The Independent’s Nick Townsend salutes the achievements of Capello, and asks can you turn round the fortunes of a team overnight? “Although Capello has passed his first examination, with a somewhat higher grade than most expected, he is aware that there are many more papers to sit. Defensively, England were not entirely comfortable. Wayne Rooney’s tracking back can result in dangerously positioned free-kicks, and Ashley Cole’s handling of fleet-footed attackers can be found wanting. Capello will not have been at all satisfied with the way in which England succumbed when Croatia scored. On Wednesday he mostly got it right. The question is how he will respond when he doesn’t. And that will happen. If the passage to South Africa is as smooth as some now fondly imagine, he truly would be exceptional. To turn the old sporting adage on its head, you don’t become a good team overnight, do you?”
Fabio Capello is also lauded by Gabriele Marcotti (Sunday Herald), while noting several issues still need resolution in the England national team. “You cannot help but feel that some kind of breakthrough was achieved, at least psychologically. Even against Andorra, when it took them 50 minutes to break the ice, there was a professionalism and a confidence which, in the past, too often went missing. All that said, Capello would do well not to get carried away. There are plenty of unresolved issues. Gareth Barry is a fine player, but not the defensive Claude Makelele-type watchdog Capello craves. For that, he needs Owen Hargreaves and the Manchester United midfielder is about as durable as a Faberge egg. Hargreaves becomes virtually indispensable if England are to stick with the 4-4-2 once Steven Gerrard returns. Lampard can be counted on to do part of the defensive work in this formation, Gerrard is a tougher fit, which is why Hargreaves becomes crucial. Of course, Gerrard’s return would set up the interminable debate of whether he and Lampard can co-exist in the same side. And it could force Capello into having to choose one or the other.”
Kevin Mitchell (Observer) questions the loyalty of footballers, citing Dimitar Berbatov as exhibit A. “Why, for instance, would anyone expect Berbatov to be any more committed to United than he was to CSKA Sofia (two seasons), Bayer Leverkusen (five) or Tottenham Hotspur (two)? Because, goes the argument, he will win things at Old Trafford. And what if he doesn’t? It is difficult to picture Dimi scrapping about for them in a relegation fight in the admittedly highly unlikely event of it all going horribly wrong there – or even existing in the potless nowhere world of mid-table. His commitment is ensured for as long as United are ‘the biggest club in the world’, as he described them before his encouraging debut at Anfield yesterday, for as long as they provide him with the platform to satisfy his own ambitions.”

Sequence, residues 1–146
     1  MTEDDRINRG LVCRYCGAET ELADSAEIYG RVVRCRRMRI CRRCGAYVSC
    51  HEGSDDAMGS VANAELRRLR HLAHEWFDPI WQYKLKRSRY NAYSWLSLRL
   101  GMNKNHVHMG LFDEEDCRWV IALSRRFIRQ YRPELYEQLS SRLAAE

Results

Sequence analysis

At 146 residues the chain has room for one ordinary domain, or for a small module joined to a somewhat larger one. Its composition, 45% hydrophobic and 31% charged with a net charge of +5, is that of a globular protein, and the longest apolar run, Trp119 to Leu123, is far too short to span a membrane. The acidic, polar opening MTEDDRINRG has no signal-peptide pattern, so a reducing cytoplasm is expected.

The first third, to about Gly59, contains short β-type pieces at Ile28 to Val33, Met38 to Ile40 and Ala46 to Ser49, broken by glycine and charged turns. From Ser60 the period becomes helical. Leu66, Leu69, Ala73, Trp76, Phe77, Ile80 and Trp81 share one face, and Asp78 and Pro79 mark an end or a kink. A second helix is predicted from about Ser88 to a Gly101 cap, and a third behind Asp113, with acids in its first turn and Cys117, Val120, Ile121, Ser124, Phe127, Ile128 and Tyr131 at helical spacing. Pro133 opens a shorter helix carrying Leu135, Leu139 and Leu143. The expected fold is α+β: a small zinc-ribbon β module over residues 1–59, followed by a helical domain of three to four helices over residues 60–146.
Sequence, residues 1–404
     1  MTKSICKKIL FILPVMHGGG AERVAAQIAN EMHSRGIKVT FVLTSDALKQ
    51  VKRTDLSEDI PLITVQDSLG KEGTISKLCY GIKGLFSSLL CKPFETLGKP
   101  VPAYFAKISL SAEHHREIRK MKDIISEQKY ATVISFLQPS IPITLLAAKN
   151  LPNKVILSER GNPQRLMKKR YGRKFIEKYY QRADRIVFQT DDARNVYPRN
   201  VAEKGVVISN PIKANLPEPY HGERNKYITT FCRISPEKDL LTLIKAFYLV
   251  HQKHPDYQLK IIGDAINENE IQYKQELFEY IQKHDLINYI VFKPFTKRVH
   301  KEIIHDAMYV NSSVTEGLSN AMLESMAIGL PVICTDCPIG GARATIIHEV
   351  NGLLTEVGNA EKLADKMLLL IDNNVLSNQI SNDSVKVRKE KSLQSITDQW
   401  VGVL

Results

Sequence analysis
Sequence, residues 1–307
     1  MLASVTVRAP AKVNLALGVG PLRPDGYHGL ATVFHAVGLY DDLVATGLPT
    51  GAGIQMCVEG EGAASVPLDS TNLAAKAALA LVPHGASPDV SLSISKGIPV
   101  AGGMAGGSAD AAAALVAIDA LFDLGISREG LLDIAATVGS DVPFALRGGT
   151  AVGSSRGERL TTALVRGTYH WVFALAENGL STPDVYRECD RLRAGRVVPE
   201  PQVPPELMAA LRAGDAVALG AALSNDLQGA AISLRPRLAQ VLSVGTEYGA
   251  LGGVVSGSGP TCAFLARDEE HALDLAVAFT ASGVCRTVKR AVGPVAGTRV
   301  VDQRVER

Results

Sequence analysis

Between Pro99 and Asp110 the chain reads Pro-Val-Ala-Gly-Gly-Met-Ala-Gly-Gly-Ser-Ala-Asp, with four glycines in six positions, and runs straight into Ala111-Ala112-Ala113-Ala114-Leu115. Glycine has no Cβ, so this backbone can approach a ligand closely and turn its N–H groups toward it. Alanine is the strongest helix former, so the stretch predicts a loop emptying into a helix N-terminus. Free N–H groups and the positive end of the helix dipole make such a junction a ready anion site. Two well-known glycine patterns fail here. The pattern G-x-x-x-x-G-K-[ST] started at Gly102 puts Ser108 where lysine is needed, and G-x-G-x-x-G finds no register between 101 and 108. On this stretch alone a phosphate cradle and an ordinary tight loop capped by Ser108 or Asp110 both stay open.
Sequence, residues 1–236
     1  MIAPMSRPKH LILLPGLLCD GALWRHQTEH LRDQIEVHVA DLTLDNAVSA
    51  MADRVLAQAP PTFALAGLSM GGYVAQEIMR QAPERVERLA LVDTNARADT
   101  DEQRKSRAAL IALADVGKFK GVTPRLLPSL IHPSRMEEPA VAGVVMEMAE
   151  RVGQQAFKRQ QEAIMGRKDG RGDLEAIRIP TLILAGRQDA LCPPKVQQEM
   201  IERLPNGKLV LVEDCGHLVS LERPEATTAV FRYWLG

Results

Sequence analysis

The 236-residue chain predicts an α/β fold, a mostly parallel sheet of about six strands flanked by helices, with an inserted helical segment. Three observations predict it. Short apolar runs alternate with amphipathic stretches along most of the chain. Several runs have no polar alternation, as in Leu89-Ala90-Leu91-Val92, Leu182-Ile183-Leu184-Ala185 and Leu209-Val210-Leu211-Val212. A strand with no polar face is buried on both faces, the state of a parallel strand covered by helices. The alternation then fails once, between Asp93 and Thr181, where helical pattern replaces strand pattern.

Keeping on a negative vibe, the Observer’s Andy Hunter uses events at Anfield yesterday to claim the “Premier League doomsday is not far off.” “For at least 1,000 Liverpool supporters, and it appeared far more when they congregated next to the Kop before kick off, the biggest game in the league calendar meant another protest march and another demonstration against the unfulfilled promises and debt-ridden reality of the club’s American owners. The presence of George Gillett – and to be fair to the co-owner accused of ruling in absentia, he rarely misses a home game against Manchester United – thus ensured more eyes were trained on the directors’ box than Dimitar Berbatov when these hated rivals took to the field at Anfield. Whatever happened to just meeting in the pub? To the escapism and, perish the thought, the fun? It is, for many, long gone.”
In the IHT, Joe Nocera wonders why so many Americans are looking to get involved in the Premier League. “So why, with all the places they can put their money, have American sports moguls become fixated on the English Premier League? Partly because soccer is the most global sport with the greatest reach. Partly because they think they can make more money there than they can in U.S. leagues. But mainly because, to a surprising degree, they can act far more like old-fashioned two-fisted capitalists in England than they can in the United States. GoÂ figure.”
Nicklas Bendtner speaks to Duncan White in the Sunday Telegraph. Bendtner: “You are going to see even more of me. I’m going to progress even more. The manager knows as well that I have plenty more to my game than has been shown. But as I said I’m sure it will come. When you see me play with my national team it’s like when I was at Birmingham. Once I get a few games going then I don’t see any problem.”